Micellar Hybrid Nanoparticles for Simultaneous Magnetofluorescent Imaging and Drug Delivery

Authors

  • Ji-Ho Park,

    1. Materials Science and Engineering Program, Department of Chemistry and Biochemistry, University of California, San Diego, 9500 Gilman, La Jolla, CA 92093 (USA)
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  • Geoffrey von Maltzahn,

    1. Harvard-MIT Division of Health Sciences and Technology, Massachusetts Institute of Technology, 77 Massachusetts Avenue, Cambridge, MA 02139 (USA)
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  • Erkki Ruoslahti Prof.,

    1. Burnham Institute for Medical Research at UCSB, University of California, Santa Barbara, 1105 Life Sciences Technology Bldg, Santa Barbara, CA 93106 (USA)
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  • Sangeeta N. Bhatia Prof.,

    1. Harvard-MIT Division of Health Sciences and Technology, Massachusetts Institute of Technology, 77 Massachusetts Avenue, Cambridge, MA 02139 (USA)
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  • Michael J. Sailor Prof.

    1. Materials Science and Engineering Program, Department of Chemistry and Biochemistry, University of California, San Diego, 9500 Gilman, La Jolla, CA 92093 (USA)
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  • This project was funded in part with federal funds from the National Cancer Institute of the National Institutes of Health (Contract No. R01A124427-02 and U01 HL 080718). M.J.S., E.R., and S.N.B. are members of the Moores UCSD Cancer Center and the UCSD NanoTUMOR Center, under the auspices of which this research was conducted and partially supported through an NIH Grant (U54 CA 119335). J.P. thanks the Korea Science and Engineering Foundation (KOSEF) for a Graduate Study Abroad Scholarship. We thank Dr. Edward Monosov for assistance with TEM analysis.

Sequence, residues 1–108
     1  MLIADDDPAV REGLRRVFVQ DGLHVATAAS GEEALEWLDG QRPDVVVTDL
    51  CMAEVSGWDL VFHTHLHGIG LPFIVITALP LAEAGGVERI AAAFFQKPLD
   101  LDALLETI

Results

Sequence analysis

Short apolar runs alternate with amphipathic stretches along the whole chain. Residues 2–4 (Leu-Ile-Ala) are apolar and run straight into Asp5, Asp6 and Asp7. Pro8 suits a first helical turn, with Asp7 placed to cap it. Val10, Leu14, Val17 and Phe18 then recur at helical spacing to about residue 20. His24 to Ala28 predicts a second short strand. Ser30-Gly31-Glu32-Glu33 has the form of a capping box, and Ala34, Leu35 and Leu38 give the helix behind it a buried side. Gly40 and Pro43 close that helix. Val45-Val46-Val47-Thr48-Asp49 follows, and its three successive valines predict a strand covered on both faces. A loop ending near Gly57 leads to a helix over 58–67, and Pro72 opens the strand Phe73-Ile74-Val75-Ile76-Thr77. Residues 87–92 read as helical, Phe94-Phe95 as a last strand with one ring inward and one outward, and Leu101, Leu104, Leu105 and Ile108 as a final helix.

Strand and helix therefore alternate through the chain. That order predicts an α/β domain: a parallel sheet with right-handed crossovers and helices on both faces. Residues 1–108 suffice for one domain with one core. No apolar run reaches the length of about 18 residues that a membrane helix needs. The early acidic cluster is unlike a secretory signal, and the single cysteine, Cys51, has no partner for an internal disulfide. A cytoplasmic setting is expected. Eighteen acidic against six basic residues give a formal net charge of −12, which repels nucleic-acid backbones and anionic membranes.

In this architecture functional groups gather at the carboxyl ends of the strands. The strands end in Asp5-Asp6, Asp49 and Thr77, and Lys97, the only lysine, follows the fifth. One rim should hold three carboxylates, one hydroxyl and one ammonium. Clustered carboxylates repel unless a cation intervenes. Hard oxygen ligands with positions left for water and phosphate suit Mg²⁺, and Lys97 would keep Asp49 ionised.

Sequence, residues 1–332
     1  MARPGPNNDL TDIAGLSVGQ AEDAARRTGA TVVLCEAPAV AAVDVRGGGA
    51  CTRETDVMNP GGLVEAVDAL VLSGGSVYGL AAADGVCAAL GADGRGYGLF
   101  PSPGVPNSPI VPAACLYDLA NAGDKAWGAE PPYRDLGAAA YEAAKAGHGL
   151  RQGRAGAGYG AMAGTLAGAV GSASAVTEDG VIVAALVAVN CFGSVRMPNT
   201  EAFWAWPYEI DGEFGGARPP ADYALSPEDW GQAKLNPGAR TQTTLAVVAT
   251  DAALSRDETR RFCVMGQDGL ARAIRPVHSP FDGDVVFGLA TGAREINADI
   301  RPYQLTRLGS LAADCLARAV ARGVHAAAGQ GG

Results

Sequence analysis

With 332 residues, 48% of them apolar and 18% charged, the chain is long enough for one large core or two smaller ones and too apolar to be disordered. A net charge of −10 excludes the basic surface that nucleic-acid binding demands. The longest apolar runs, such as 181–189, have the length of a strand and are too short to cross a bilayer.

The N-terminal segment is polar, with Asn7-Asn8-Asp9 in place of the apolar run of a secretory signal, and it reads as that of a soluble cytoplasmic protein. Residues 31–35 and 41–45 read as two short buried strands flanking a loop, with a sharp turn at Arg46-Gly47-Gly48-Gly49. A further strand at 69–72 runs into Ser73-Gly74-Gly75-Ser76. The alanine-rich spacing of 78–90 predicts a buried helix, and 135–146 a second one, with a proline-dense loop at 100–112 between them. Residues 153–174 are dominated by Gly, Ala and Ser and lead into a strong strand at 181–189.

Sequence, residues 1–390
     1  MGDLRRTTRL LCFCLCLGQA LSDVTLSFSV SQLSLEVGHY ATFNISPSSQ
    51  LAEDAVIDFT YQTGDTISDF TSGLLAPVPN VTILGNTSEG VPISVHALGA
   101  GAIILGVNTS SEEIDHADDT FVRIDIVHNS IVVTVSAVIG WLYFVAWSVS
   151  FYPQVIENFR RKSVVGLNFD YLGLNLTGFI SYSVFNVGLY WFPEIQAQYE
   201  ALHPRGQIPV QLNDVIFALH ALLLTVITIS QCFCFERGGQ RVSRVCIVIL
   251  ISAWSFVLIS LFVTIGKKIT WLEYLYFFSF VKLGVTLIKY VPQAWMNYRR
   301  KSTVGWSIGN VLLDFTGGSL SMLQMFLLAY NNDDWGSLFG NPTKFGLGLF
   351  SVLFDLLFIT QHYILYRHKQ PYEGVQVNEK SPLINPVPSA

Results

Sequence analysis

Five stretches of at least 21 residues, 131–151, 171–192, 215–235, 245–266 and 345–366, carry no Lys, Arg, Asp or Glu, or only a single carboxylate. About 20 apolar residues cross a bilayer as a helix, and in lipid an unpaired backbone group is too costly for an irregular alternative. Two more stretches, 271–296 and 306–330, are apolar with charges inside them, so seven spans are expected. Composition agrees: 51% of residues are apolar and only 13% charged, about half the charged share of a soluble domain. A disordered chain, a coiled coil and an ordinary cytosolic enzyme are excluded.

Abstract

original image

Multimodal nanoassemblies that contain magnetic nanoparticles, quantum dots, and the anticancer drug doxorubicin within a single PEG–phospholipid micelle were prepared (see scheme; PEG=poly(ethylene glycol)). When equipped with the targeting peptide F3, these nanostructures enable simultaneous targeted drug delivery and dual-mode imaging of tumor tissues by near-infrared fluorescence and NMR spectroscopy.

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